The Associated Press is reporting that President Donald Trump’s former campaign manager “secretly worked for a Russian billionaire to advance the interests of Russian President Vladimir Putin a decade ago.”
That billionaire is an oligarch named Oleg Deripaska, who made his fortune in aluminum and is said to be one of Putin’s close confidantes.
The link comes despite assurances from the Trump administration that former campaign manager Paul Manafort “never worked in the Kremlin’s interests,” according to The Independent. The report comes after FBI Director James Comey revealed the agency is investigating people in the Trump campaign to see whether there was any coordination with Russian efforts to undermine the 2016 presidential election.
Manafort denies the report, saying he never worked for Russian political interests when he did business with Deripaska, reports AP. Trump’s administration denies knowing about Manafort’s work for Deripaska:
Who is Oleg Deripaska?
Here’s what you need to know:
1. Deripaska Survived Russia’s ‘Gangster Wars’ to Seize Control of the Aluminum Industry
According to Forbes Magazine, Deripaska is a “former metals trader” who “survived the gangster wars in the aluminum industry.”
PBS calls him the “aluminum king.”
In 2000, at only age 31, he “assumed control of Russian Aluminum, the country’s dominant producer,” reported Forbes.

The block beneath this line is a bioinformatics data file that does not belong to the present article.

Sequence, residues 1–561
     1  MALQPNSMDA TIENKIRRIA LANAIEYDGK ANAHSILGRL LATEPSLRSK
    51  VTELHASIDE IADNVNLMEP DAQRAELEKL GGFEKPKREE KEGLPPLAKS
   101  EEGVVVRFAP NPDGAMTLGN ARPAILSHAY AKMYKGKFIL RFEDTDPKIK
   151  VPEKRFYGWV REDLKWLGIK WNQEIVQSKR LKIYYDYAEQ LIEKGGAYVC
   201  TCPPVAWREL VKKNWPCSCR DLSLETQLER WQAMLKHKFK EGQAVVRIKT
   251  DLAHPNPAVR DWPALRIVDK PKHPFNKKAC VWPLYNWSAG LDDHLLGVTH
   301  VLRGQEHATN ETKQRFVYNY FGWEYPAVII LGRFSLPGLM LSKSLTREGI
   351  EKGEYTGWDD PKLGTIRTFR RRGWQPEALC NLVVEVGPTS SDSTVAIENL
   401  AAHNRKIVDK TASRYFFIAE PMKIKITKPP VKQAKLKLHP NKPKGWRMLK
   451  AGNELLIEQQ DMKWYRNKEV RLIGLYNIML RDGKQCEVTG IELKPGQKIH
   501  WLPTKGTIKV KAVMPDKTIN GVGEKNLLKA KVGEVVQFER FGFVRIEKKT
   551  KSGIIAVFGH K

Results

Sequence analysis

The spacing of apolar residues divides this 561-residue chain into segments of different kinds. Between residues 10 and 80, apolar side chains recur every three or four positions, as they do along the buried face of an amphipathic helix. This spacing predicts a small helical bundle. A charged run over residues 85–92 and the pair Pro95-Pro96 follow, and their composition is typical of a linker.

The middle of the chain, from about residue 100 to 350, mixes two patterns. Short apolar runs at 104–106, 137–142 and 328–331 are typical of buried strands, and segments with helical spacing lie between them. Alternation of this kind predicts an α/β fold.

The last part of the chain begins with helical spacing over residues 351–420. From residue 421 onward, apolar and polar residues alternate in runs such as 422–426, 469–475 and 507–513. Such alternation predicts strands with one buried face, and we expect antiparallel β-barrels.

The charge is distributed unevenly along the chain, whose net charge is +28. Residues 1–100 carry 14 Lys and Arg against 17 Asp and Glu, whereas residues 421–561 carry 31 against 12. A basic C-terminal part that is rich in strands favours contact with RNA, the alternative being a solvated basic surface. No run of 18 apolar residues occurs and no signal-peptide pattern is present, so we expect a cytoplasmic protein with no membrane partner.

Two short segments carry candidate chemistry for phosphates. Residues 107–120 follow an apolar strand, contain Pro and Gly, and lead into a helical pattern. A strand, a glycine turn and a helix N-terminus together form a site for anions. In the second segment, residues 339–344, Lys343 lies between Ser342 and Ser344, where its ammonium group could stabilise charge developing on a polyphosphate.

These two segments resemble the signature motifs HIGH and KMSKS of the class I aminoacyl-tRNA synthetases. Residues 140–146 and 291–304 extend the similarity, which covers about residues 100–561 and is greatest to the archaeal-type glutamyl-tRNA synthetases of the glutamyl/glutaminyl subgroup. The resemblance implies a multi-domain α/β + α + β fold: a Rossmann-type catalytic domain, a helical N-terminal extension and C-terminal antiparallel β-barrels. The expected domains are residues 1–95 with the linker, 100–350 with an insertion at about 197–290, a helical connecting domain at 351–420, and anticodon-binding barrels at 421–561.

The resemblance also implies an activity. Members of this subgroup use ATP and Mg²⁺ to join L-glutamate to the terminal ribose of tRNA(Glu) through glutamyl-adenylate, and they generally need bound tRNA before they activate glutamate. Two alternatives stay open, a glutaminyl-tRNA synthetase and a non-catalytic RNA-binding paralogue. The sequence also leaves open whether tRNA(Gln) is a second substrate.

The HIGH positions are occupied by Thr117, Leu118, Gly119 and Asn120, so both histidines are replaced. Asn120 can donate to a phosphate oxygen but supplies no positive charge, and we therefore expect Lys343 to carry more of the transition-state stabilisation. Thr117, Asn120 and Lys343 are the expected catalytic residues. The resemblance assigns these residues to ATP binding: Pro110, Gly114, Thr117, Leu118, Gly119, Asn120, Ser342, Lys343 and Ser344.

That’s not all that Deripaska has his hands in. According to Forbes, “He owns stakes in UC Rusal, a leading aluminum producer; EuroSibEnergo, one of the largest hydroelectric power producers in the world; GAZ Group, a leading automotive company; Ingosstrakh, an insurance company, and AgroHolding Kuban, large agricultural company in Russia.” He also operates Russian airports, reported Forbes.
2. Deripaska Was Once Worth $28 Billion & Is Related Through Marriage to Boris Yeltsin
A PBS story in 2003 reported that Deripaska, then 35, was Russia’s “youngest billionaire” (he was born in 1968.) His net worth has dropped from a reported $28 billion to $5.1 billion in 2017, according to Forbes.
A 2011 profile in the Globe and Mail describes the Deripaska family chalet outside Moscow as having “a small ski hill next to the chalet” that “is floodlit, exposing a few of the security guards who are an eternal presence in his life.”
The story reported that Deripaska was fond of Japanese design, Maple syrup, and classic Russian novels and says he was once worth $28 billion. The profile reports that Deripaska married Polina Yumashev in 2001 and has two children with her. PBS reported she is the daughter of former Russian president Boris Yeltsin’s chief of staff, and Yeltin’s granddaughter by marriage, making Deripaska Yeltsin’s grandson.
3. Deripaska Is Described as Being Very Close to Putin
The AP story reported that “U.S. diplomatic cables from 2006 described Deripaska as ‘among the 2-3 oligarchs Putin turns to on a regular basis’ and ‘a more-or-less permanent fixture on Putin’s trips abroad.'”